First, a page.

for the Carver Policy Governance® Model
History of the development of human understanding and mastery is replete with the breakthroughs that come from moving from trial-and-error experience to creating underlying theory. Theory is an explanatory set of concepts and principles that might not be evident on the surface of things, but that determines what those "things" are and how they operate. Medical practice, aviation, and electricity all existed before germ theory, aeronautical theory , and electromagnetism theory; but introduction of the understanding made possible in these and other fields due to theory propelled them out of their dark ages. Governance of an organization by an accountable, authoritative group has benefitted from agency theory and general management, but has been severely handicapped by having no unifying theory, no foundation of generic principles upon which each board could build its uniqueness. Policy Governance can, with equal accuracy, be called a theory of governance, a technology of governance, or a governance operating system. It is important to note that "model" in this context is not a certain structure or form.
Policy Governance was originally designed as an integration of characteristics that all governing boards have in common, such as accountability for their distribution of authority to others. The intent was to find a universally applicable set of principles upon which each unique board could develop its own governance. This is the same kind of "one size fits all" as represented by an anatomy chart or a scientific theory. When the fundamental truths are discovered, we can hold them constant while making uncountable variations built on them. One example is the marvelous variety in bridges even though they are all built on the same engineering principles.
Because it is! If you boil down any field of endeavor to its basic, irreducibly minimum principles, those principles are quite fixed. Holding them fixed means all other factors can be allowed to vary as a given board wishes. Engineering principles are very rigid, but if faithfully observed can be the foundation for an untold array of bridge designs. Any generic theory consists of an inflexible few tenets upon which can safely be built an uncountable array of unique structures and processes.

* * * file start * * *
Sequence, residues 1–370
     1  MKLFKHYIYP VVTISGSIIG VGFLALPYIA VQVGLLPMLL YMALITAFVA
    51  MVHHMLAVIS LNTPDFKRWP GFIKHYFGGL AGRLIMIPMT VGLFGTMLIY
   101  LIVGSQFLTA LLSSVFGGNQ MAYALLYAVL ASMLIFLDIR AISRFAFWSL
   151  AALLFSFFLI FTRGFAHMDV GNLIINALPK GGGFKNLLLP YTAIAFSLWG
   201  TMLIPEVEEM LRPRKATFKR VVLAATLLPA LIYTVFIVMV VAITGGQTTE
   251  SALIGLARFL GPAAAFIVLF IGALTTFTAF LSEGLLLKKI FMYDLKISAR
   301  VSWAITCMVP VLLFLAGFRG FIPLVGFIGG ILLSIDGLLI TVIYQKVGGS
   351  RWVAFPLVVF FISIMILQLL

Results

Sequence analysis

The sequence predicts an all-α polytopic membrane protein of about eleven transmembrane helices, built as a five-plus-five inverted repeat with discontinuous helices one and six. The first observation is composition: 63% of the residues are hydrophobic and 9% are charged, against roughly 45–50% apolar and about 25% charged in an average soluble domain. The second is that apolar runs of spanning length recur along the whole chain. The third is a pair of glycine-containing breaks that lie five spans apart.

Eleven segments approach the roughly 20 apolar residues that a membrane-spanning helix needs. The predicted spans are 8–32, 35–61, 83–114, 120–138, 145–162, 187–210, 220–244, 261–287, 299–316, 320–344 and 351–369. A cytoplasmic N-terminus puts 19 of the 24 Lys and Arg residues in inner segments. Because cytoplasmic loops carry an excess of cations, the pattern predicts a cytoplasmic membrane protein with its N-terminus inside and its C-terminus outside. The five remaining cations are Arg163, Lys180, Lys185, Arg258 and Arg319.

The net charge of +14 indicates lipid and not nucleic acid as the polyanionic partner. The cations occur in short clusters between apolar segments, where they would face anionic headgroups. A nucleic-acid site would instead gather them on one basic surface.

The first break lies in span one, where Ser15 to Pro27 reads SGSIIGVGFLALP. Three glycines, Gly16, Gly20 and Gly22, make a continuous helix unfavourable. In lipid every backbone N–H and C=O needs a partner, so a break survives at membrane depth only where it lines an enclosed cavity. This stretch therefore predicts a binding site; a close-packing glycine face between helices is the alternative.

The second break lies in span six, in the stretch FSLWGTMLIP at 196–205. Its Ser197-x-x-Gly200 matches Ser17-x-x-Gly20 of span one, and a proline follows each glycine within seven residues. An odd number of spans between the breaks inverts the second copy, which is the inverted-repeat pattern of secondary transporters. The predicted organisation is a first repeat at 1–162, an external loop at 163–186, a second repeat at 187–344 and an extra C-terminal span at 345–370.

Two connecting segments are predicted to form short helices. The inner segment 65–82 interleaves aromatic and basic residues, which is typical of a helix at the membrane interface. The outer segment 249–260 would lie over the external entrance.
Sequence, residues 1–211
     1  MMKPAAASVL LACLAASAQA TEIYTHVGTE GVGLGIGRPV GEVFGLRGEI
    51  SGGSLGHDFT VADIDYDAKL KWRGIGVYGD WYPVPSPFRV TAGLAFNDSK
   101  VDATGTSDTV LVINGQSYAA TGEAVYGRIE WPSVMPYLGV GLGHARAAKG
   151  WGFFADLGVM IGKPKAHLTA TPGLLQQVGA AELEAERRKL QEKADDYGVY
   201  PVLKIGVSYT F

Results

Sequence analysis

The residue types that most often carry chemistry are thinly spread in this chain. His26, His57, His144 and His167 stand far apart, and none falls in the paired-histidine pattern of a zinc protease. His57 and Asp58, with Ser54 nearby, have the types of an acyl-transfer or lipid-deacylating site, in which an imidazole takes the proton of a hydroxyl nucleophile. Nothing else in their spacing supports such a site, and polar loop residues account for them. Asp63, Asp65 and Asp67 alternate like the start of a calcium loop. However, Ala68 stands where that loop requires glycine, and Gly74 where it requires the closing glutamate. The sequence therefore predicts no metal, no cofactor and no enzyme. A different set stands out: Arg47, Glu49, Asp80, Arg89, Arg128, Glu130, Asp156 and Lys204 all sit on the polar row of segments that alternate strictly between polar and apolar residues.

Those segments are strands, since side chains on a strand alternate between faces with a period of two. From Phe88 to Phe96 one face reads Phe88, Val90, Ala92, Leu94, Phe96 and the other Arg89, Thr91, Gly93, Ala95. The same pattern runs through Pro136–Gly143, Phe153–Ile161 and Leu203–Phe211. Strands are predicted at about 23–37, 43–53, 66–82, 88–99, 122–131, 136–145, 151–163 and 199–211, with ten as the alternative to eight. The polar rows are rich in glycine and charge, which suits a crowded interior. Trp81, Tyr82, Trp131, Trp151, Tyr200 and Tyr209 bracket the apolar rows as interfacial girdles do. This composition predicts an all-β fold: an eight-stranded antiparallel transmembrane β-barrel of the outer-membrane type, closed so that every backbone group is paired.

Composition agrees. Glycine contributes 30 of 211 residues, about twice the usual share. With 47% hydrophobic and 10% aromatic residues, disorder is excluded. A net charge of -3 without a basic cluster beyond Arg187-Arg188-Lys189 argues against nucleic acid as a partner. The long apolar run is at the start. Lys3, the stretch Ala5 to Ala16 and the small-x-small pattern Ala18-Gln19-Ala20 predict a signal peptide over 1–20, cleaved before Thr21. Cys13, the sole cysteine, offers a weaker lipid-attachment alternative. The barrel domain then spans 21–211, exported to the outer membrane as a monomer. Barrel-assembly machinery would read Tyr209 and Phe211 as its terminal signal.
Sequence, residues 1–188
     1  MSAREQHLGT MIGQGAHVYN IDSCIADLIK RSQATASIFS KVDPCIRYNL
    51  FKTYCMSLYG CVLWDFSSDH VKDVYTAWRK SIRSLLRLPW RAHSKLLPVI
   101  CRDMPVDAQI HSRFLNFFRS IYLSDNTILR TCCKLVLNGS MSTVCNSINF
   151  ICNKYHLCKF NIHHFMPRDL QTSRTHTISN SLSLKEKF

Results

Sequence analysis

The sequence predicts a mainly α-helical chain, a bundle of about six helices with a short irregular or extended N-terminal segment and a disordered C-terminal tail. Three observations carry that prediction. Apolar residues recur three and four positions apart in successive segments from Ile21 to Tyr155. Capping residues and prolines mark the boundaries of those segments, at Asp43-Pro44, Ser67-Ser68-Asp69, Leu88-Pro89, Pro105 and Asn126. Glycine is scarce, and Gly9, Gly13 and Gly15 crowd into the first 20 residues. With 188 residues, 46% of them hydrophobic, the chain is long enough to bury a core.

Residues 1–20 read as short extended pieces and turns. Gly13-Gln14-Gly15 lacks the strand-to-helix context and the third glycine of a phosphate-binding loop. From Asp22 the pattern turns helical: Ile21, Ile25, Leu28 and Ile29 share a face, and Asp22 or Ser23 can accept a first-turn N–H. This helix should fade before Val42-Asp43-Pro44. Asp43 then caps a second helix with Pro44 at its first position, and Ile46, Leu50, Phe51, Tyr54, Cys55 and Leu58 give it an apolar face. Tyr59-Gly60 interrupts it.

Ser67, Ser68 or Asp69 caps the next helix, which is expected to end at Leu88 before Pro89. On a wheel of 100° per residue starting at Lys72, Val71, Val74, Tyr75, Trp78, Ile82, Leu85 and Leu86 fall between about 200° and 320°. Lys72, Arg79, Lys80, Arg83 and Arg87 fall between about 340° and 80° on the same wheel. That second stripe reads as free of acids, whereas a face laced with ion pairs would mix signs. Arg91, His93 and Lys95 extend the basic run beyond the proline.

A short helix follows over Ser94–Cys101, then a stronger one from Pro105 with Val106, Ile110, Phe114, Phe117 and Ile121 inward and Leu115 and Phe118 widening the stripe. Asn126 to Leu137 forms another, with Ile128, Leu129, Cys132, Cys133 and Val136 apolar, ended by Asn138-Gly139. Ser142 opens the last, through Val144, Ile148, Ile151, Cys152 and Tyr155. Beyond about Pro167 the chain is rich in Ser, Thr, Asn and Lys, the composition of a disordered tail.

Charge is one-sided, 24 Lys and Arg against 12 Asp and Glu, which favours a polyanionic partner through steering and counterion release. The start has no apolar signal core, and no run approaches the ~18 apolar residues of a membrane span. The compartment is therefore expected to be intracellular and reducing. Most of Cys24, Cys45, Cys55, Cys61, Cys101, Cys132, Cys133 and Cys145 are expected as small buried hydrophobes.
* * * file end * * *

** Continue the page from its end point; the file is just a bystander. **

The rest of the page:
The "flagship" publications are Boards That Make a Difference (John Carver) and the less imposing Carver Policy Governance Guide series (John and Miriam Carver). Beyond those references, there are a number of books (e.g., Reinventing Your Board by John and Miriam Carver, The Board Member's Playbook by Miriam Carver and Bill Charney, Corporate Boards That Create Value by John Carver and Caroline Oliver, as well as other books) and the bimonthly Board Leadership edited by John and Miriam Carver). For even more, see the bibliography elsewhere on this site.
The model is designed for any group of persons that, usually on behalf of others, has governing authority over-and, therefore, accountability forenterprise. Consequently, it applies to nonprofit and equity (profit) corporate boards alike, as well as many governmental bodies like city councils, airport authorities, and school boards.
That is true; there is nothing new about saying boards should do their work through policy. In fact, there has long been a now discredited caution that boards should separate policy from administration, leaving the administrative part to staff. Policy Governance is not built on such a simplistic division. The message of Policy Governance is not simply that governing boards should be policy boardsit is a complete redesign of just what policy is and what principles apply to its construction and its use. People have long known it is good to eat healthfully, but it took nutritional science to make that advice more than a bromide. Until Policy Governance it has been impossible for a board to govern responsibly through policy because the policy technology available could not support that burden.